Wisconsin Dog Bite Law
An analysis of homeowner insurance data carried out in 2019 by the Insurance Information Institute (I.I.I.) found that the average cost paid out for a dog bite claim was $44,760 and rising annually. In 2019 alone, the number of dog bite claims rose almost three percent on an annual basis to 17,802.
Like most other states, Wisconsin has a dog bite statute that makes owners of their pets liable for bites, injuries, and other damages that their dog inflicts. In fact, the provision is really a “dog damage” law rather than just a bite law.
Unlike some other states and municipalities, Wisconsin does not allow a “one-bite” exemption — eliminating liability for the first incident. Every incident is subject to monetary penalties as well as full liability for the damage caused by the dog.
If you’ve been the victim of a dog bite, or any property damage caused by a dog in Janesville, Rock County, or Beloit, Wisconsin, contact The Paul Benson Law Firm today. As your personal dog bite attorney, I will review your case, carry out a thorough investigation, and work hard to accurately establish fault and liability — all with the goal of obtaining the compensation that you deserve.
What Is The Wisconsin Dog Bite Statute?
Wisconsin currently has roughly 500,000 licensed dogs in the state, meaning the potential for an attack or dog bite incident is fairly high, even though the statistics for dog bites are difficult to track given that many incidents go unreported.
As mentioned earlier, Wisconsin law does not focus solely on dog bites, but rather on any injury or damage caused by dogs. Wisconsin Statutes section 174.02 states that “the owner of a dog is liable for the full amount of damages caused by the dog injuring or causing injury to a person, domestic animal or property.”
As mentioned, there is no “first-bite” exclusion. Every incident is eligible for prosecution, even if it is the first instance of an attack for the dog in question. In fact, in certain circumstances, double damages can be awarded. The statute states that “the owner of a dog is liable for 2 times the full amount of damages caused by the dog injuring or causing injury to a person, domestic animal or property if the owner was notified or knew that the dog previously injured or caused injury to a person, domestic animal or property.”
In addition to personal liability for any injury or damage caused by one’s dog, the dog owner is also susceptible to monetary penalties of $50 to $500 for the first incident and $200 to $1,000 for any subsequent incidents.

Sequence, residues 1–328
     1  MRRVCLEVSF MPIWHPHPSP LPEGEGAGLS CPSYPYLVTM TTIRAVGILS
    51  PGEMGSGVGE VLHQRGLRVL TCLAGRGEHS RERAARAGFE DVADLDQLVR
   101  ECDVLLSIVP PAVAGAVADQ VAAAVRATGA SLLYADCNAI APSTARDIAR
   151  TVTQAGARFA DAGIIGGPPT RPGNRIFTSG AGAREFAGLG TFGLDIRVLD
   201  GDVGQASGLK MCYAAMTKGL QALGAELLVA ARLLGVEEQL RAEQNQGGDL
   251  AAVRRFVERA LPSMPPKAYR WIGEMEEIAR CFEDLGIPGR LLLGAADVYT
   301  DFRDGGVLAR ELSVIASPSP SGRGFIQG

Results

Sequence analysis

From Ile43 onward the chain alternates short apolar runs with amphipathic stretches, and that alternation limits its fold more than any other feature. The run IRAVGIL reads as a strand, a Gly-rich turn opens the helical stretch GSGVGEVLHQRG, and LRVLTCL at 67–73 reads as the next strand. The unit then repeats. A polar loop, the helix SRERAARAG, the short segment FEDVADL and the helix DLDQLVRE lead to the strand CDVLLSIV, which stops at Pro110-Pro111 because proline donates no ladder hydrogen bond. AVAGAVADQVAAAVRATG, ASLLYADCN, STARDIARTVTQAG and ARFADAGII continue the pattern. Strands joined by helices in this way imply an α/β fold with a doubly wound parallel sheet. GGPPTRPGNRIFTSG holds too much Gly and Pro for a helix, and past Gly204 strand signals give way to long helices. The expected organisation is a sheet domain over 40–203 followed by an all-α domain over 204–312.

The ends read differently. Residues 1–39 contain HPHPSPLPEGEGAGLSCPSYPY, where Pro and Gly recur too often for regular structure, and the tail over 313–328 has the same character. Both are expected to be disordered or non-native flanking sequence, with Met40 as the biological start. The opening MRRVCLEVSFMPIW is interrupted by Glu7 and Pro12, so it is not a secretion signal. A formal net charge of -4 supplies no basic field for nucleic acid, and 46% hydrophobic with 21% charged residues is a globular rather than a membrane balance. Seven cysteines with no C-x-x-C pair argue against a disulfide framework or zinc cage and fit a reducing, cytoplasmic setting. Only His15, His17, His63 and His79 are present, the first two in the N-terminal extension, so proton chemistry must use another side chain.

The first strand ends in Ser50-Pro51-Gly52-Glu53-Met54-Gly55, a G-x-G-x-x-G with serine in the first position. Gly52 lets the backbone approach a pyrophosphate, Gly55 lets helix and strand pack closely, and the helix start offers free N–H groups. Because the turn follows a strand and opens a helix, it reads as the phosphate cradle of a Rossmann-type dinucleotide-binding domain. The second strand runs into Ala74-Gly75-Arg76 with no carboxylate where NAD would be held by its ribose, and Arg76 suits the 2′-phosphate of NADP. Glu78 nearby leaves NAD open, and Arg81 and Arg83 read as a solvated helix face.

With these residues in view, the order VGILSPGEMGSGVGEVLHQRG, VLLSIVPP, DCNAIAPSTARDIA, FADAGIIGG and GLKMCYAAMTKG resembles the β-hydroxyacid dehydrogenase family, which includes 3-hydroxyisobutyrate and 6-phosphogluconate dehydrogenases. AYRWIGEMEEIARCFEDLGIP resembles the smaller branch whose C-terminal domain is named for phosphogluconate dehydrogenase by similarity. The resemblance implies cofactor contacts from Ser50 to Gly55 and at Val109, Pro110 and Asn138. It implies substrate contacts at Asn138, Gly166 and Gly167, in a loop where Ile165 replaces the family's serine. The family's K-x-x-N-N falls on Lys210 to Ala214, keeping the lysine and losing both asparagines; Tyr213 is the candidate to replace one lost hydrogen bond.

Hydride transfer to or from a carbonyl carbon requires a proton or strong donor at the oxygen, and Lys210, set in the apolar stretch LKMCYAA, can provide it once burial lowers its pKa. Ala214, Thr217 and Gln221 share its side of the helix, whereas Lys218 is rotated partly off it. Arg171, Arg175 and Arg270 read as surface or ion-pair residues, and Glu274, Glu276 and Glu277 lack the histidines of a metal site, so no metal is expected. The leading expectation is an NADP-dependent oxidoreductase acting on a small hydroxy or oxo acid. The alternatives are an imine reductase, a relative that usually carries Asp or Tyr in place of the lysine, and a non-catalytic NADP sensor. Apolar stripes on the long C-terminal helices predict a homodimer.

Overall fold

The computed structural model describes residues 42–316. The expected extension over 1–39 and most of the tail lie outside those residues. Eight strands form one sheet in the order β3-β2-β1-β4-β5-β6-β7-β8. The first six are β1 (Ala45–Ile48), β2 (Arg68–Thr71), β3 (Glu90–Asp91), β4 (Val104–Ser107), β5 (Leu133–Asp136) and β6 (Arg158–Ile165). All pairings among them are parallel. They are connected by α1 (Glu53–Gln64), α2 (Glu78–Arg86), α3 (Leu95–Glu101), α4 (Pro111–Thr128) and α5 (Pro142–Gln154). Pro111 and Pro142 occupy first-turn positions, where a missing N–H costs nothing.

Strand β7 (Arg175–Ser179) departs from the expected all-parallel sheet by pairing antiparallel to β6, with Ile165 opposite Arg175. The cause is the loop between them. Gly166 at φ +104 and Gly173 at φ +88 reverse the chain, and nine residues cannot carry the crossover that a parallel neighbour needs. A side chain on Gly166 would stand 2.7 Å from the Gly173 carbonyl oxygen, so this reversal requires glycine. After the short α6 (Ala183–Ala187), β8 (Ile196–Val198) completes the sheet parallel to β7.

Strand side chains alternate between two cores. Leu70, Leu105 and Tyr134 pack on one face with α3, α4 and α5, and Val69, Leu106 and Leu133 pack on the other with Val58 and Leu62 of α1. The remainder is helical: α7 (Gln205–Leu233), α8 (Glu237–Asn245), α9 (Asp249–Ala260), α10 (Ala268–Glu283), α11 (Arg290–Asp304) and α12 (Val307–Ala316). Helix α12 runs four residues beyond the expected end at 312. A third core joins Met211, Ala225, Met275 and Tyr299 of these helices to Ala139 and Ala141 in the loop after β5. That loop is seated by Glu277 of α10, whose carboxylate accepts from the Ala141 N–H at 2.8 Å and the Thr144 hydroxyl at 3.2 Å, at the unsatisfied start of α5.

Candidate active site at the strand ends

and Premises Liability
Homeowners’ and renters’ insurance policies generally can include coverage for dog bites and damages in the range of $100,000 to $300,000, but payouts are often limited to $30,000 per person and $90,000 per claim, below the average cost determined by the I.I.I. One bite and the insurance company may cancel the policy as well.
In addition, many insurers exclude up to 11 breeds of dogs, including German Shepherds, Doberman Pinschers, Pit Bulls, Siberian Huskies, and many others. Also, the homeowner or renter must notify the insurance company of the presence of dogs on the premises, or coverage can be denied. Off-property incidents may also be excluded, depending on the insurer.
The Wisconsin statute is so broad that — theoretically — if a visitor to your home trips over your sleeping dog and sustains an injury, you could be held liable. Typically, this type of claim is known as a premises liability claim, another field that my law firm focuses on, but it has its conditions.
Wisconsin law states that the property owner must be shown to have been causally negligent for any injury claim to succeed. Wisconsin also uses a modified comparative negligence standard. If you do trip over a dog, you must show that you were less than 50 percent at fault in order to have a claim. And if you’re not on the property legally, there is no liability on the owner’s behalf.
Let an Experienced Wisconsin
Personal Injury Attorney Assist You
You may be able to collect some compensation from the dog owner’s property or renter’s insurance, but do you really want to go through that process on your own? Going it alone can be frustrating and often results in settling for less than you deserve, especially if you lack the knowledge and experience to negotiate with insurance companies.
Also, what if the dog owner has no applicable insurance? How do you determine if you’re eligible for double damages because the dog has bitten someone else before?
Regardless of your unique circumstances, it’s important that you account for the full range of liability on the dog owner’s part. This includes accounting for any past, current, and future lost income, medical expenses, out-of-pocket costs, and compensation for any lingering physical pain and emotional suffering.
That’s why you need the services of an experienced personal injury attorney. Applying the law can be tricky, and collecting the compensation you deserve can be equally challenging. If you reside in Janesville, Rock County, or Beloit, Wisconsin, contact The Paul Benson Law Firm today. I will go over all your damages, including medical bills, lost wages, and individual suffering, and do my best to develop a strategy that will help you pursue the compensation you need and deserve. Call my office immediately for a free case consultation today!